Year on year inflation in the eurozone has climbed to its best rate since April 2014 this month, accelerating to 0.6 per cent from 0.5 per cent on the back of the rising cost of services and the fading effect of last year’s energy price falls.

This month’s figures have however been dampened by core inflation – which strips out volatile elements such as energy prices and food – remaining stuck at 0.8 per cent for the fourth consecutive month. The figures are a first flash estimate from Eurostat.

Core inflation is closely watched by policymakers at the ECB who have been battling with persistently low inflation for over two years. Faced with weak price pressures, the central bank is widely expected to extend its landmark €80bn a month bond-purchase at the ECB’s December policy decision next Thursday. (More on that here.)

ECB president Mario Draghi said today he expects inflation to reach its target of below but near 2 per cent by around 2018-2019.

“We’re still years away from a return to normal”, said Peter Vanden Houte, chief eurozone economist at ING, who says low inflation has likely bottomed out this year.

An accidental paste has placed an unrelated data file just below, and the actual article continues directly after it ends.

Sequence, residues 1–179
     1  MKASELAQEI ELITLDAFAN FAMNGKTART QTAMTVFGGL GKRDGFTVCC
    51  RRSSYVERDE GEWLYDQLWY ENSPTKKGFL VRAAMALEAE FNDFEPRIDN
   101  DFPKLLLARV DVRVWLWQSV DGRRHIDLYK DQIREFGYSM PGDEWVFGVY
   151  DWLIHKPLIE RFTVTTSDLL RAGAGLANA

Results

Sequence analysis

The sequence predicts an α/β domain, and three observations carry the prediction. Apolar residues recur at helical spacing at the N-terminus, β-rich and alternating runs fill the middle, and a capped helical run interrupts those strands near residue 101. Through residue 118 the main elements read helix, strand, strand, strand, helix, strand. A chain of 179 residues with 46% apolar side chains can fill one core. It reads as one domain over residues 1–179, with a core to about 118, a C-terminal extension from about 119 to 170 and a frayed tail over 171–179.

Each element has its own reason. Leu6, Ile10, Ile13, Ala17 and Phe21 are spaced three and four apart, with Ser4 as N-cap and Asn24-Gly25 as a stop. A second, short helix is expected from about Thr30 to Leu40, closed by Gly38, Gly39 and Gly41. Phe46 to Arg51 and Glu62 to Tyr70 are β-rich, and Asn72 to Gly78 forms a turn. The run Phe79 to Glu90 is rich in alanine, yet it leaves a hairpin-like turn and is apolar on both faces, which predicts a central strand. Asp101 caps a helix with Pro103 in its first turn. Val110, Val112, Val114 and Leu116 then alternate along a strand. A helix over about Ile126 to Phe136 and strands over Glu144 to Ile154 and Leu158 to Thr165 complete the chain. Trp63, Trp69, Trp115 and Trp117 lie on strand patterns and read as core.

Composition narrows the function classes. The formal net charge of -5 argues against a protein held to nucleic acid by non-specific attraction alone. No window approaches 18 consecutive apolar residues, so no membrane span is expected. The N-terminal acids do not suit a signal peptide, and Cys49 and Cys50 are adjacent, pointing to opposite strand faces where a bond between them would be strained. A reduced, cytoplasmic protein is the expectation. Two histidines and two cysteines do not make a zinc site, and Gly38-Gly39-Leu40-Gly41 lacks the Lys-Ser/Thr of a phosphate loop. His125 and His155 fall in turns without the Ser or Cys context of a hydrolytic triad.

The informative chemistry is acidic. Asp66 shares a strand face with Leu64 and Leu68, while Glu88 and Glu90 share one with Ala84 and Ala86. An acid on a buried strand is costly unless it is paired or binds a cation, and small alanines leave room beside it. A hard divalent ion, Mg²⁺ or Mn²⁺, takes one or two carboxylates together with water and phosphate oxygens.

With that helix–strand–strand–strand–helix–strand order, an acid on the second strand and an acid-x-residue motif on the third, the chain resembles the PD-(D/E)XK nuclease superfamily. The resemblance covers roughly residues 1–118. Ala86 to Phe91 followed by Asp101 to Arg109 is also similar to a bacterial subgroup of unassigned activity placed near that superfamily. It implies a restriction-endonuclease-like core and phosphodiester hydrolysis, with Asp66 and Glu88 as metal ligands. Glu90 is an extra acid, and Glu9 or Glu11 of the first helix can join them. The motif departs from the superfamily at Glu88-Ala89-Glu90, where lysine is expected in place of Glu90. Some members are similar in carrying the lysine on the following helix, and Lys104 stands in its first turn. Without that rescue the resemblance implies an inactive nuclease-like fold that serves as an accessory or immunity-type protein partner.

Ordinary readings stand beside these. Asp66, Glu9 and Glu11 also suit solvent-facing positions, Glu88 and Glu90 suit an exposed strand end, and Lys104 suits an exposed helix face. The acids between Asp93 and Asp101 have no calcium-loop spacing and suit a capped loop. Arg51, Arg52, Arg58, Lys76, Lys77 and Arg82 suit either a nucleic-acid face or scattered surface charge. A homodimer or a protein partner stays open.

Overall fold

Eurostat said energy prices fell 1.1 per cent this month, compared to November 2015, while food, alcohol and tobacco prices climbed 0.7 per cent and industrial goods prices inched up by 0.3 per cent.

The eurozone-wide figures follow on from a flash estimate of German inflation, which remained unchanged at 0.7 per cent this month, matched by France.

Chart courtesy of Bloomberg

Dollar rises as markets turn eyes to Opec

Posted on 30 November 2016 by

European bourses are mirroring a tentative Asia session as the dollar continues to be supported by better US economic data and investors turn their attention to a meeting between Opec members.

Sentiment is underpinned by US index futures suggesting the S&P 500 will gain 3 points to 2,207.3 when trading gets under way later in New York, leaving the Wall Street barometer less than 0.3 per cent shy of its record high hit last week.